ST tire designation: ST stands for Special Trailer tire. ST tires are designed for use on trailer axle positions only. They are not designed for the load or traction requirements of a drive or steering axle. ST tires have strengthened sidewalls to prevent the tire from rolling under the rim in turns and when cornering. All ST tires have a maximum speed rating of 65 mph. ST tires feature materials and construction designed to meet the higher load requirements and demands trailer towing presents.

    Tim Fry, senior development engineer with Goodyear Tire & Rubber Company stated, “The major difference is reflected in the polyester cords used in ST tires. These cords are bigger than they would be for a comparable P or LT tire. Typically, the steel wire also has a larger diameter or greater tensile strength to meet the additional load requirements. Because of the heavier construction for an equal volume of air space, an ST tire is designated to carry more load than a P or LT tire.”

    LT tire designation: LT stands for Light Truck tire. One definition at www.tiresafety.com defines an LT tire as any tire line or size which would typically be applied on a light truck (SUV, pickup, van). As such it could be an LT-metric tire for use on a one-ton truck or a P-metric ‘light truck’ size of a typical tire used on an SUV. Light trucks (pickups) and SUVs differ from standard passenger cars in their overall strength, load carrying capacity, center of gravity, and driveline complexity. For this reason, the tire options for light trucks and SUVs are often more complex than passenger cars. Factors such as load range, ply rating and sizes vary greatly from those of passenger car applications.
     
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  19. jeepinmatt

    jeepinmatt Still Fat

    Joined:
    Mar 24, 2005
    Location:
    Stanley, NC
    To some extent, yes. But those excluded, I've had the same experience on other trailers through the years. The rate might improve to 1 blowout per 5k miles or something, but still approximately shitty.
     
  20. drkelly

    drkelly Dipstick who put two vehicles on jack stands

    Joined:
    Mar 21, 2005
    Location:
    Oak Ridge/Stokesdale, NC
    Maybe just tire age? How many years/months is the same set of tires on your vehicles compared to how long they are on a trailer?
     
  21. jeepinmatt

    jeepinmatt Still Fat

    Joined:
    Mar 24, 2005
    Location:
    Stanley, NC
    I definitely think that is a contributing factor. "Good" tires will have better rubber that isn't as deteriorated after 5 years. Whereas cheap tires have cheap rubber and will suffer greater deterioration over time. That's why I'm not trying to salvage the 2 remaining tires on my trailer, and am going to just go ahead and replace all 4 (probably the spare too). But I want to take this as an opportunity to spend smart money instead of just buying buying more crap. Also, don't want to throw away money on 17.5s when 16" LR Gs would get the job done, but I don't mind spending more if the value is there. Bottom line is I want to buy tires and be done with it for the next 5-10 years.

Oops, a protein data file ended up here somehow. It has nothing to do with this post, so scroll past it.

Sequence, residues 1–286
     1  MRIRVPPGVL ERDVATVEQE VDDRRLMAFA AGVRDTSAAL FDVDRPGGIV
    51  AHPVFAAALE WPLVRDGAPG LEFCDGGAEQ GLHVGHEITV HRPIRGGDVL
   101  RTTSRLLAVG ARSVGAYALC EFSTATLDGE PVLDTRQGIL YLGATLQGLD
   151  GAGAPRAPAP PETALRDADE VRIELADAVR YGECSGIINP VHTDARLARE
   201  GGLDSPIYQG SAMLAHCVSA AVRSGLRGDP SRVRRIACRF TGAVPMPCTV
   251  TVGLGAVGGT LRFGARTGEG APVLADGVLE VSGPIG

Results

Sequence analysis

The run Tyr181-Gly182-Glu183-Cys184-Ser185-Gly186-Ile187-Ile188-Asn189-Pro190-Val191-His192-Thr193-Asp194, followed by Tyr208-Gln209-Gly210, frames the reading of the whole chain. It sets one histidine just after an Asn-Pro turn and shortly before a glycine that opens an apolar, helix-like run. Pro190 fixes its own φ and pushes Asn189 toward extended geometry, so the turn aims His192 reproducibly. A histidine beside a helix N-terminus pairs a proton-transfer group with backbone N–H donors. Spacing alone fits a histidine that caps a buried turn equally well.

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  22. StretchASU

    StretchASU Well-Known Member

    Joined:
    Oct 17, 2006
    Location:
    Creedmoor, NC
    I just simply go by what I have replaced. I just replaced the ST tires on our enclosed due to rot and them leaking out the sidewall. Tread was still good. Being that they were ST tires, I know they were the factory ones and god knows how old the trailer is simply because my FIL never puts good tires back on any of his trailers. However, every single tire I have changed on my trailers and others that has delaminated for anything other than road hazards have been LT tires.
     
  23. NCJeeplover

    NCJeeplover Well-Known Member

    Joined:
    Jul 25, 2009
    Location:
    Claremont, NC
    I've considered going 19.5 on my trailer also. Mainly because that's the size tire my truck uses. I could get a set for the truck a little early and keep fresh rubber for the trailer. Here's some info on it...

    Why Choose 19.5" Tires For Your Trailer?
     
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  24. Croatan_Kid

    Croatan_Kid How's your hammer hangin'?

    Joined:
    Nov 4, 2007
    Location:
    New Bern
    I've got over 2 years on my trailer thus far. Never parked on concrete or anything and never covered. Any time it's loaded, it's almost to the trailer capacity. I just keep them up around 125 psi. It's been to middle Georgia, Northern DC, PA, all over NC, hopped curbs and stumps...you name it. Haven't even worried about the tires. It's probably about time to check the bearings and tighten them up though. I think I did rotate the tires once, I think.
     
  25. rodney eppes

    rodney eppes Well-Known Member

    Joined:
    Feb 3, 2010
    Location:
    Mt.Holly NC 28120
    I left home on a trip to Crossville Tenn. one time, & had a belt bust on the trailer near Shelby. I had a shitty spare of wrong size, & 1 good tire, unmounted. Put the spare on, & pulled in Walmart/Shelby. Simply asked them to install the good tire on the rim off the blown tire. First thing they said, Only if it's a ST tire! Surprised Me, but they said by law, they couldn't mount a passenger tire on a trailer. Glad at the moment I had a ST.